Former Northern Ireland Ombudsman Tom Frawley has been appointed as an independent member of Belfast City Council's investigation into its controversial storage of bonfire material.
The investigation is headed by council chief executive Suzanne Wylie.
Mr Frawley will assess the evidence as the probe progresses.
Council sources have indicated to the Belfast Telegraph that internal whistleblowers who would not be confident making disclosures to City Hall staff would be free to approach him.
The investigation is into the council's gathering and storing of more than 3,000 pallets for two controversial loyalist bonfires and the subsequent theft of the material.
All political parties in City Hall voted for the probe, although the DUP insisted that council officers had done nothing wrong. Sinn Fein was furious when it discovered that the council was storing pallets for bonfires in Chobham Street in east Belfast and near to the Holiday Inn in Sandy Row.
The party's group leader Jim McVeigh said that most councillors had been "kept in the dark" about the decision, which had "seriously damaged the reputation of this council across this city in the minds of many, many people".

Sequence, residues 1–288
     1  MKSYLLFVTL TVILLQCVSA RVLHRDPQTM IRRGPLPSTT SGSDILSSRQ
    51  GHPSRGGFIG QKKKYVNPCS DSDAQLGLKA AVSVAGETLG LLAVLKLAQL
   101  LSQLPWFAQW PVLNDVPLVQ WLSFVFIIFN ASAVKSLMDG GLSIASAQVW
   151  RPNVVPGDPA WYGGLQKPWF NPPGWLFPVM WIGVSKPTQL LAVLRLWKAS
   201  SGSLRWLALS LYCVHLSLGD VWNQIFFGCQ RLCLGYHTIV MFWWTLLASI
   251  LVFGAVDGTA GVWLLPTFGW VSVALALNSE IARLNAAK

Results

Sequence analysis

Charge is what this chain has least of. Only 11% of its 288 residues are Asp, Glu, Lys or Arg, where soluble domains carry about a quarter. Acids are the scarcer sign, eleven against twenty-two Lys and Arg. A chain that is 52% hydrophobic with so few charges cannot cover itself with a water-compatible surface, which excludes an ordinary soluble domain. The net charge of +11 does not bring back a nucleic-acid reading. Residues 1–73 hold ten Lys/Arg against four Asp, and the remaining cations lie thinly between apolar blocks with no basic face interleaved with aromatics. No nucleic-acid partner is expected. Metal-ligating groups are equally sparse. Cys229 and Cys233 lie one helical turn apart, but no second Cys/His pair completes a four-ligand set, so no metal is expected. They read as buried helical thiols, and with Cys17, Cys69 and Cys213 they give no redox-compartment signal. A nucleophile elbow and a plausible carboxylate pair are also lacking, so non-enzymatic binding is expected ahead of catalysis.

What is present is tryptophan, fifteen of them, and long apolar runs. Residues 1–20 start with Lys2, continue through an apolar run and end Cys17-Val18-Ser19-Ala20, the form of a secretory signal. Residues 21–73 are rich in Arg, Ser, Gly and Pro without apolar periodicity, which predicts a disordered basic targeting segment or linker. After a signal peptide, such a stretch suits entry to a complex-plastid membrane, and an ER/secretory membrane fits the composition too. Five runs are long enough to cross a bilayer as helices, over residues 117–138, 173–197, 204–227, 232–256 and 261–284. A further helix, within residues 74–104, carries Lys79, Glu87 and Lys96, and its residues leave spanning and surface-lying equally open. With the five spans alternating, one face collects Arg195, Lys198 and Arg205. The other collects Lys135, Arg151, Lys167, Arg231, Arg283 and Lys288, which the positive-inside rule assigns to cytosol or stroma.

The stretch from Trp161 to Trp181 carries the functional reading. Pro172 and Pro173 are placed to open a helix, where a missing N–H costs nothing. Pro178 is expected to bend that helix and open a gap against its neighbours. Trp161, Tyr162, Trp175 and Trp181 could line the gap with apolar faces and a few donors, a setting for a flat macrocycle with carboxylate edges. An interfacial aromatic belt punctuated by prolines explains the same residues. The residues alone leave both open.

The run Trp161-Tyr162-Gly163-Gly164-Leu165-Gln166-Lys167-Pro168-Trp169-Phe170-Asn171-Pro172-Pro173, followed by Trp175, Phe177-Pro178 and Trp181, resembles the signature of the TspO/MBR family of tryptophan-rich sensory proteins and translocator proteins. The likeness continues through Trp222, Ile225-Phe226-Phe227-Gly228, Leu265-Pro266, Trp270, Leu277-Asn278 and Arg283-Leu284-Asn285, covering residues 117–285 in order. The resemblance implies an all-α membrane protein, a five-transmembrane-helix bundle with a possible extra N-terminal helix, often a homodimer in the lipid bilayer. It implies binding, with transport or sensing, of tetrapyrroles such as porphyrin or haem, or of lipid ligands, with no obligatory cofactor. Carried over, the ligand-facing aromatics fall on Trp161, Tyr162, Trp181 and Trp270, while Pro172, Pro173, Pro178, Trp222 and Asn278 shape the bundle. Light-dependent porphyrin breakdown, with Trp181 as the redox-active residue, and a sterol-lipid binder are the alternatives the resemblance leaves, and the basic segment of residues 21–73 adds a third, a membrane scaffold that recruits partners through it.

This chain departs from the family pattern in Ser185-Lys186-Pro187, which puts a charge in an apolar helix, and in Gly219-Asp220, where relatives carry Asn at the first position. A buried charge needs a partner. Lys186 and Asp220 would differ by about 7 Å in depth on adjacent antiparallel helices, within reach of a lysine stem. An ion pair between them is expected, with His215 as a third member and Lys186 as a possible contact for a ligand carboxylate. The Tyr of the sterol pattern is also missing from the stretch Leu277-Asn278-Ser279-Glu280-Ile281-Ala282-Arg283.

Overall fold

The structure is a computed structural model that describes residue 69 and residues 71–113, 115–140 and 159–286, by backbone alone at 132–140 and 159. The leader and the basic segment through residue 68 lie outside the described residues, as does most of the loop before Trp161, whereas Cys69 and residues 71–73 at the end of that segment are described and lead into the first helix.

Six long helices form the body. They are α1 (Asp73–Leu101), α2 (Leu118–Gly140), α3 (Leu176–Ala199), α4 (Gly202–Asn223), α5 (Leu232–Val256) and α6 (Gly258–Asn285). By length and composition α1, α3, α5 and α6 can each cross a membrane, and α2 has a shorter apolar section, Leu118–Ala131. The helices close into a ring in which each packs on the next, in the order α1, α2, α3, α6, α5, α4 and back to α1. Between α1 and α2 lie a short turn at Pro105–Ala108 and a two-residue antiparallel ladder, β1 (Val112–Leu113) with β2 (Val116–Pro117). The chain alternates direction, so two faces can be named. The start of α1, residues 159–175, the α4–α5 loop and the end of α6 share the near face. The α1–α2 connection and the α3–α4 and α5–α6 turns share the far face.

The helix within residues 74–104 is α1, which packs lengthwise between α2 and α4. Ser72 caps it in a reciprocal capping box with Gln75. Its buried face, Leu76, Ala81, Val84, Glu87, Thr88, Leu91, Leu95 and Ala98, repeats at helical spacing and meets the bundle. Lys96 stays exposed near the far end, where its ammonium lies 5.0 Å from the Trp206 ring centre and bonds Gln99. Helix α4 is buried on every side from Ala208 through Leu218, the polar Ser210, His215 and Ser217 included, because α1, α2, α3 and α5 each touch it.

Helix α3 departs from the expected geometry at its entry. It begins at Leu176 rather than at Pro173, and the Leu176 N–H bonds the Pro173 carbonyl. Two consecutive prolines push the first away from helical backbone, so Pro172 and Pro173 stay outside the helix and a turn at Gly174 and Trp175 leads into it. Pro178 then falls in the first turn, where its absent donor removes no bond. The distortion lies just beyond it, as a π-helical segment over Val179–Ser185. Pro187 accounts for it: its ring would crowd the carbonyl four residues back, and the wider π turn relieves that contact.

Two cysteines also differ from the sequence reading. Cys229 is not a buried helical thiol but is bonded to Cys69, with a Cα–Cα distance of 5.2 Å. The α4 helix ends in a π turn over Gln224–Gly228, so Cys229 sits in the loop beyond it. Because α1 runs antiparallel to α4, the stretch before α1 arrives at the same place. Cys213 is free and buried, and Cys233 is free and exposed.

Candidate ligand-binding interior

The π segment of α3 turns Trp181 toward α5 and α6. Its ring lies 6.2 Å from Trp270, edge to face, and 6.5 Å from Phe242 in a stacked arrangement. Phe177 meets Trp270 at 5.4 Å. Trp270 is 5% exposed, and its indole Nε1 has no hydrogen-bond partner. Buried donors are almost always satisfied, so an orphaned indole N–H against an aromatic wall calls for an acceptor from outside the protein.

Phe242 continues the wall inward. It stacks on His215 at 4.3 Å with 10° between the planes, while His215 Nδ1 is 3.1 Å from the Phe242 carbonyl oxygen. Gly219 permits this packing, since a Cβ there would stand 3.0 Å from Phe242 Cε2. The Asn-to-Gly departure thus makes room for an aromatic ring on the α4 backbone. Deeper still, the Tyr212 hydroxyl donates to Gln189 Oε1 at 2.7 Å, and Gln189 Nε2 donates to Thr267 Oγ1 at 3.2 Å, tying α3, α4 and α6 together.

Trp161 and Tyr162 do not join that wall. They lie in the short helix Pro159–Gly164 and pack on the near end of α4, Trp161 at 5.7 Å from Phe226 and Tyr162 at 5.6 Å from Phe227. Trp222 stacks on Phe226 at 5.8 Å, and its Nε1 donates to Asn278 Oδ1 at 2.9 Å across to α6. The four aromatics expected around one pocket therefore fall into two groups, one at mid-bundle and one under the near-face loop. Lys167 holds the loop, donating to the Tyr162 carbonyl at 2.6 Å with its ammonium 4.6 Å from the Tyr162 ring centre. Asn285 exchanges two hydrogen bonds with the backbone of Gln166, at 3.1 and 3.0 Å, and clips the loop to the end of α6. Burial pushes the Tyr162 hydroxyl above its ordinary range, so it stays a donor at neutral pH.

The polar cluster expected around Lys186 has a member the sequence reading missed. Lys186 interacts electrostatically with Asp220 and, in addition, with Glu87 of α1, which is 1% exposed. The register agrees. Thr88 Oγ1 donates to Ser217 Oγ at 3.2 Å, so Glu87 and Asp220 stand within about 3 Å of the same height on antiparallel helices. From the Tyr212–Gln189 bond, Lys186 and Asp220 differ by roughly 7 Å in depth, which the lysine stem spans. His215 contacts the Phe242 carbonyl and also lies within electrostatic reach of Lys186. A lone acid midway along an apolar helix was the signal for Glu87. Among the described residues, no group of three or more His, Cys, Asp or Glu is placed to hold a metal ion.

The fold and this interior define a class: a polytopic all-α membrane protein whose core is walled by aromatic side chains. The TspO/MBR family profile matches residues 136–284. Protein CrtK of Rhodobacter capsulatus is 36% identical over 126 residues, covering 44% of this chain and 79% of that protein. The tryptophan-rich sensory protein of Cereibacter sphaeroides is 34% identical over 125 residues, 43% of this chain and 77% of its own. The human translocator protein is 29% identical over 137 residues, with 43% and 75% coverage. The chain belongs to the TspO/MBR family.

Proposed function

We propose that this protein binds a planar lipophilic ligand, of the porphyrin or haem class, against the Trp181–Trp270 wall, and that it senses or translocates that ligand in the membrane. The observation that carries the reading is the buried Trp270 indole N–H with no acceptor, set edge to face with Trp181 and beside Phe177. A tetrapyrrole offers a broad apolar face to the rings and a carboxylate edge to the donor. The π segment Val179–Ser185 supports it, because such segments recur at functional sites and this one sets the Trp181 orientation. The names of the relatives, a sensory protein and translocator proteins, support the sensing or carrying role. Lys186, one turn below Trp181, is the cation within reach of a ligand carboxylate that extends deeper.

He accused the council of "facilitating illegal bonfires".
The bonfire builders were later aghast when the pallets they had handed over for safe keeping were stolen from council premises on Gransha Road.
The investigation was expected to be completed by next month, but City Hall sources now believe it will likely take until October.
It will seek access to all emails and communications between council officers internally and with outside agencies - and who that information was shared with. The probe will examine who made the ultimate decisions regarding storing the material and with whom they consulted.
Alliance group leader Michael Long said that the investigation would also examine the wider bonfire issue in Belfast.
"It is important to review how the bonfire management scheme operated this year as well as the council's decision to store pallets," he said.
"We are keen to get the investigation to report back as soon as possible so that the same mistakes are not repeated."
Mr Frawley last year retired as Northern Ireland Ombudsman, a position he had held for 16 years.
His career started in 1971 when he joined the NHS. In 1985 following the implementation of the Griffiths report he was appointed the Western Health and Social Services Board's general manager.
A series of fellowships led to health care study visits in Australia, New Zealand, the USA and Zimbabwe, and in 2000 he took on the role of Northern Ireland Ombudsman.